The headline in a recent Wall Street Journal editorial read: “Paying for ethanol at the pump and on the plate.” It caught our eye for the fact that it doesn’t even pass the commonsense test. Gas prices are way down and projected to stay that way. So, too, are corn prices.
A financially healthy rural economy requires a financially healthy farm production sector. And that sector relies on a safety net when catastrophic events happen. It is a modest investment considering the return, which is a stable and affordable national food and fiber supply.
We have a strong foundation for cultivating the next generation of farmers in the 2014 Farm Bill, but the law needs to be fully implemented for any of this to matter. Although it is on the books for five years, it is likely to be under attack during the annual appropriations process.
Crop insurance products were improved in the recent farm bill because Congress recognized that these products are a necessity for farmers regardless of size. To me, a federally-supported crop insurance policy is defensible because a portion of the product’s cost is borne by the farmer.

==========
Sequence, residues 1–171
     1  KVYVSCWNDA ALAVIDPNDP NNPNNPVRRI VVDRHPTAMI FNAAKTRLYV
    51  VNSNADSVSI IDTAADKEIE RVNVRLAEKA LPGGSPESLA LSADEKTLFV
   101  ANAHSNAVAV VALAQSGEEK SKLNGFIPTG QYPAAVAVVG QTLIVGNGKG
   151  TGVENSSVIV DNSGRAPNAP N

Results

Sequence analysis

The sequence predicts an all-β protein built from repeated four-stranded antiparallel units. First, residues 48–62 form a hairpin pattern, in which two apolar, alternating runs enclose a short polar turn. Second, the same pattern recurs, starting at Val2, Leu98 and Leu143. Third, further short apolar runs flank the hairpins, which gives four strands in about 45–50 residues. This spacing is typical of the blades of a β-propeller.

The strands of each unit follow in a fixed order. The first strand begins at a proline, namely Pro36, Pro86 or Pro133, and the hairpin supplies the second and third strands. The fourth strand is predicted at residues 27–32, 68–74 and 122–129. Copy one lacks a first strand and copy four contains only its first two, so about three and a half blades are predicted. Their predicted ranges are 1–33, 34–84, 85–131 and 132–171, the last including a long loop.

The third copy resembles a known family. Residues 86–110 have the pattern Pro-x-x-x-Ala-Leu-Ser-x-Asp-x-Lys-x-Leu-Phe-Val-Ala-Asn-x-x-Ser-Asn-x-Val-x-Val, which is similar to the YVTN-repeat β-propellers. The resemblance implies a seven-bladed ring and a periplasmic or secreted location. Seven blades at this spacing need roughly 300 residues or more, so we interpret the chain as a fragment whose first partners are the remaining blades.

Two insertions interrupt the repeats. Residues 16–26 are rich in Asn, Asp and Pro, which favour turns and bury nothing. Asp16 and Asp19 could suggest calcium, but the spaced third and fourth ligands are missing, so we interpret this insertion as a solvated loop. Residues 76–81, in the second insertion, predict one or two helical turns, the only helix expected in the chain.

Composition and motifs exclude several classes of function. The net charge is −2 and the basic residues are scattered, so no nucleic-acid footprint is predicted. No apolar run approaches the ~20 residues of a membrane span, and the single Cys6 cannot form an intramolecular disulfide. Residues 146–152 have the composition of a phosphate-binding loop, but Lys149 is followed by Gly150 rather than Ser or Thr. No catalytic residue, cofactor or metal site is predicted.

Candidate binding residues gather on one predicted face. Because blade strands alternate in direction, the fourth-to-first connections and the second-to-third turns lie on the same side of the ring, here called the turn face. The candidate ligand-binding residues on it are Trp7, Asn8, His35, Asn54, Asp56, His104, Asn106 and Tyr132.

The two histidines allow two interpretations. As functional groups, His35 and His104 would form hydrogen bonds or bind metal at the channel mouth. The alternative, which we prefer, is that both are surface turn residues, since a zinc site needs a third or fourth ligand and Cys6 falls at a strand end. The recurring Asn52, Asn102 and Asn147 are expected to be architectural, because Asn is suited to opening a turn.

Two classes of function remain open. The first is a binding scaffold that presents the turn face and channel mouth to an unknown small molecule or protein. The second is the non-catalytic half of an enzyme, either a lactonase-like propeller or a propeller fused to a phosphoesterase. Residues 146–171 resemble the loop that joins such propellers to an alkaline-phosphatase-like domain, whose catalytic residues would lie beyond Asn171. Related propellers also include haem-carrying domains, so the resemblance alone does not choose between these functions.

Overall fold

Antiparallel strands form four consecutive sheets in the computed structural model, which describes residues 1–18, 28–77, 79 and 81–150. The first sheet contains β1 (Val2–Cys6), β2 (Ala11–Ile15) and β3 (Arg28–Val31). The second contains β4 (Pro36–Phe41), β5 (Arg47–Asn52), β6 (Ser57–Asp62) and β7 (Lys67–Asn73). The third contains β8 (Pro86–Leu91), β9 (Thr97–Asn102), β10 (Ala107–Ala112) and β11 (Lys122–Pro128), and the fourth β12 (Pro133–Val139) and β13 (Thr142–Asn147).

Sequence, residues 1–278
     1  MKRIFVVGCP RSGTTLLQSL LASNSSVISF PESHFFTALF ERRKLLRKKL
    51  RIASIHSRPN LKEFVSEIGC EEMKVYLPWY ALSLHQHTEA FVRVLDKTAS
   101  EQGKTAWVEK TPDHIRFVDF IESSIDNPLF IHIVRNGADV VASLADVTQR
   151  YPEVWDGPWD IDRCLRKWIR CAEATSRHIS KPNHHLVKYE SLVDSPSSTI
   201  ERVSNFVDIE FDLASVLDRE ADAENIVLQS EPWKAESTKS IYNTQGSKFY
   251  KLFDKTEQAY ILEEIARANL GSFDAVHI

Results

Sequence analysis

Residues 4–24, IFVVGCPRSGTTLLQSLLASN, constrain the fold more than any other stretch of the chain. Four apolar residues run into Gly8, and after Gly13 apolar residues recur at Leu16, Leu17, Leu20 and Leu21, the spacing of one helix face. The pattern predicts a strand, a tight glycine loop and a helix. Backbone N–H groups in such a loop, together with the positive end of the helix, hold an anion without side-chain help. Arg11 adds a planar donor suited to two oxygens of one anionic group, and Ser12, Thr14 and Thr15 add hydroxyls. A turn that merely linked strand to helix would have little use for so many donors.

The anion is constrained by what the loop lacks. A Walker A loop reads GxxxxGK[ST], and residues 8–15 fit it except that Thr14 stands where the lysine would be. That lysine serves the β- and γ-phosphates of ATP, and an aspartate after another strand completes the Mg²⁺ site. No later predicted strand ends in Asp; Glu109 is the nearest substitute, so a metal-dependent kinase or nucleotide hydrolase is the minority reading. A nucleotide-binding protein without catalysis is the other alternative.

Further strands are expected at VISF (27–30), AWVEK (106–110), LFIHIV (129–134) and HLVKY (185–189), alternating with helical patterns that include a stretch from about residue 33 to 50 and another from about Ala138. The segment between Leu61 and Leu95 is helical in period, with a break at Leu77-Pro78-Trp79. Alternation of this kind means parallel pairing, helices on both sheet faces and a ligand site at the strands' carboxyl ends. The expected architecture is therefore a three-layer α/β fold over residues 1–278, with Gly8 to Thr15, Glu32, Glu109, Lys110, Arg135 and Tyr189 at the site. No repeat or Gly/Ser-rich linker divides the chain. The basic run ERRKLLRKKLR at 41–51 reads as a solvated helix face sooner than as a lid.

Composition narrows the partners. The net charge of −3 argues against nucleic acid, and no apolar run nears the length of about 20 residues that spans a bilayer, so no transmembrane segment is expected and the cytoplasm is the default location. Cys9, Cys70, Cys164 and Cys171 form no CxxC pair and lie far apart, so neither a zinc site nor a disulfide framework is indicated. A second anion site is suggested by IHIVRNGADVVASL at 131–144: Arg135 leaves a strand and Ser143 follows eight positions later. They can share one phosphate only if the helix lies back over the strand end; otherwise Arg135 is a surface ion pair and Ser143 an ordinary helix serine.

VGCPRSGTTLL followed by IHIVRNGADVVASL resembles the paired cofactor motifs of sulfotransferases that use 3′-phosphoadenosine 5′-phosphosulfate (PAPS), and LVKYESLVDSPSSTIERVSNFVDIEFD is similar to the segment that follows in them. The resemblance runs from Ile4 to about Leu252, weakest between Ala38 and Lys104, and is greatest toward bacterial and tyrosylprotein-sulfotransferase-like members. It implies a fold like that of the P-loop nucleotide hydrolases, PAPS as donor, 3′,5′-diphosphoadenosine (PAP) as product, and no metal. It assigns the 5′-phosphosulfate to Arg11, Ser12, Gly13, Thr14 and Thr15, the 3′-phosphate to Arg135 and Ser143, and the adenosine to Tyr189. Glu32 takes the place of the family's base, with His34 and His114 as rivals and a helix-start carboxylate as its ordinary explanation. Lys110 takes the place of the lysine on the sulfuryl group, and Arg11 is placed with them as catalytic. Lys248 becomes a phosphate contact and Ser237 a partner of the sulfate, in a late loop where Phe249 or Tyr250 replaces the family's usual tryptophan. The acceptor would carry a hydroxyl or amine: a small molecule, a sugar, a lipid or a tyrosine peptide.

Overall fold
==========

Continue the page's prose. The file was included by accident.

In the midst of the spring planting season, a couple of farmers took to the opinion pages over the weekend to explain the importance of their primary risk management tool: crop insurance.
Some stereotypes about U.S. farm policy just won’t die. For example, the belief that farmers get paid for not growing; or that benefits just go to big agribusinesses; or that farm spending is out of control. Such criticisms make splashy headlines but are no longer relevant thanks to the significant evolution of farm policy over the past 20 years
“EWG has no credibility.” Farm Policy Facts has been saying this for years about the Environmental Working Group (EWG), and it looks like quite a few Capitol Hill leaders agree. The direct quote came from House Agriculture Committee ranking member Collin Peterson (D-Minn.), who spoke last week to The Hagstrom Report. Peterson was not alone in giving EWG a congressional smack down.
Maintaining a modest response to the cheaters by preserving U.S. farm policy is not only the right thing to do, it is also an essential means of maintaining support for trade and the only leverage the United States has in getting our trading partners to one day tear down the walls they have been so busy building.
There’s a reason the 2014 Farm Bill made crop insurance the centerpiece of U.S. farm policy. It is an effective risk management tool for not only farmers, but also taxpayers.